We’re a little late adding spring. The equinox found me traveling to Nevis / St. Kitts in the Caribbean. The purpose ? Swimming the “narrows” between the two islands, a distance of 2.5 miles (4K). Here’s a little log that describes the journey…
8 July 2016
We hiked up Lost Creek, above the Rio Grande Reservoir which is about 5 miles long. That’s twice the length of the Nevis / St. Kitts Channel Swim. As my husband and I drove upward along the steep drop off to the water’s edge, I could only think, “I can do that.” It’s seven months away and I’m already swimming 1.5 miles. In a pool. Not the same as in the ocean, with no lanes, no ropes, no seen bottom, only blue water, currents, and the unknown.
The Lost Creek trailhead starts at 9,700 feet. Upward the trail winds through aspen and spruce forest, then it opens into a meadow and spontaneously bringing to mind “The hills are alive, with the sound of music.” In fact, sung, in a very bad voice. I could see Julia Andrews skipping over the hillock in her dirndl warbling the joyous words. We took my mother to see the film in cinescope on Mother’s Day a long time ago. Secretly my sister wrote and asked if Julie would be her mother. There was something about making cute matching costumes out of curtains that grabbed her.
The peaks in the San Luis Valley, home of the headwaters of the Rio Grande, even in early July still had tatters of snow remaining laterally couched in crevices shaded from the sun, defying the warm, high altitude summer. Winded and tired legs despite the beauty, thoughts persisted, “You can do this.” Not the climb. The swim. Iit seems everything relates to the swim.
July 9, 2016
Serena Williams won her 22nd major today and as she entered her second set, the determination in an already determined and amazingly accomplished woman set in. The serves were lightening bolts. Her zone had arrived. At 32, she is still beginning. At 63, the age I’ll be when the swim arrives, almost double. I wonder why at this late stage of the game, I’m interested in the challenge.
Maybe it’s the water. Water is life. It’s a place I’ve felt so comfortable, supported, so surrounded by softness, bouyant and weightless, that when I need to escape water is my element. But what am I escaping? What is driving me to spend hours now, in the pool and searching for open water, in order to have not only the physical strength to swim a relatively short distance but still, finish.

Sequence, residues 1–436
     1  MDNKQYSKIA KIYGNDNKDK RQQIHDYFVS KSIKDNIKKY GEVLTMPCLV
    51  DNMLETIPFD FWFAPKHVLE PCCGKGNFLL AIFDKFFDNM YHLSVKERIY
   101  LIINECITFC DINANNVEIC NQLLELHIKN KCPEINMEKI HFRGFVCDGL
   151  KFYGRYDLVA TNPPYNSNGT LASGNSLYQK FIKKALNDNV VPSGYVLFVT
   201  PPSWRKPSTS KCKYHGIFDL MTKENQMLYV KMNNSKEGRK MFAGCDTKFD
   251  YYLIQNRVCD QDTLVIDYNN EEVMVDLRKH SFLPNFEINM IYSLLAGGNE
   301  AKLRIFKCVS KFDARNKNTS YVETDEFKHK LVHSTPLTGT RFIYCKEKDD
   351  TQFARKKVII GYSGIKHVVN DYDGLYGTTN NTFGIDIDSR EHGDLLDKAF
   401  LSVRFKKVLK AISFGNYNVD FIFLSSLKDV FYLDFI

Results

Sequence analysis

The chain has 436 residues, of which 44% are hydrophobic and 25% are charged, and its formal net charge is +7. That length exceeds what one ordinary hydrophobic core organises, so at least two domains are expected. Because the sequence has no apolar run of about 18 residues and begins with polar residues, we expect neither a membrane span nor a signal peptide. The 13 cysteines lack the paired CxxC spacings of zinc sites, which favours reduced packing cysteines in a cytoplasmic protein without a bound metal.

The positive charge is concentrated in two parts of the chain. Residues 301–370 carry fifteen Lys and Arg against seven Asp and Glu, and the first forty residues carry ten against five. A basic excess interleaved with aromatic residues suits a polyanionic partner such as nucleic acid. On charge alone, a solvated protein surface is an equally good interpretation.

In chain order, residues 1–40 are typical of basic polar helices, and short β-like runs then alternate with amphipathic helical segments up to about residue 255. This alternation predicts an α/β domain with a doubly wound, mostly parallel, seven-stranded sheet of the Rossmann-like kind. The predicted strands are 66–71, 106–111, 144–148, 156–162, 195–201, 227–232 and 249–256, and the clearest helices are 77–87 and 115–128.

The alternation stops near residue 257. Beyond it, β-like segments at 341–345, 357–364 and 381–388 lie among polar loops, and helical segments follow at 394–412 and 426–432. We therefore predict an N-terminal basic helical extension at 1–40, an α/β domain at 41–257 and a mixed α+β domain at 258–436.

14 July 2016
A truck plowed into celebrants at the Bastille Fireworks in Nice. So far 75 reported fatalities. Has random violence ever been at such a peak? Last week, a sniper shot (5) police officers at a rally for “Black Llves Matter.” Those people are protesting the seeming unchecked shooting of primarily black people in traffic stops. Having just finished “Beloved” it’s astounding that the Civil War issues are still at the forefront of our societal patterns. Yet, are we really that bad off? The barrage of media messaging supports the negative and yet, my life, my white life, is pleasant. Growing a garden, walking the dog, planning trips and outings with my husband. Getting stronger for a swim. Does the suffering in the world minimize the small joys? If I am not suffering at this moment, does it make my life any less meaningful?
29 September 2016
A season has passed. I’ve registered! The commitment is made, air and hotel reservations done. There’s a change in my body and mind. I’ve effectively stopped drinking alcohol. The workouts get easier. Strokes are being changed, streamlining, becoming more efficient. Laps have eclipsed the 2.5 mile mark. I know it’s possible now. What is amazing is the focus and anticipation it brings out. There is something magical about this goal. Transformative. I own this thing. The election draws closer and the noise is ratcheted up but it’s been a personal choice not to listen, or watch. My focus has been to register voters since the spring. Encourage democracy.
19 January 2017
The election happened. The “investiture” as they say in France is tomorrow. Walking the labyrinth at Museum Hill. Space clearing. Communal uplift. Non-judgement. All things needed. Today swam 2.5 (little more) in one hour fifty minutes. It’s not possible in the open water, that time, at least I don’t expect that, but it’s the mental game of staying for focused on efficiency, breathing every three strokes, using physics to push my body forward. Awareness. After a month off, slacking off in Europe, drinking and eating, the first time back in the pool was humbling. Muscles aching, stiff wondering is they were to be expected to respond to the demands, out of breath, sloppy strokes. There’s a relationship with the body that becomes a conversation. ” I’ll stay with you if you stay with me.” “We can go faster if we work together.” “I’ve committed to this many laps today, let’s go for it.”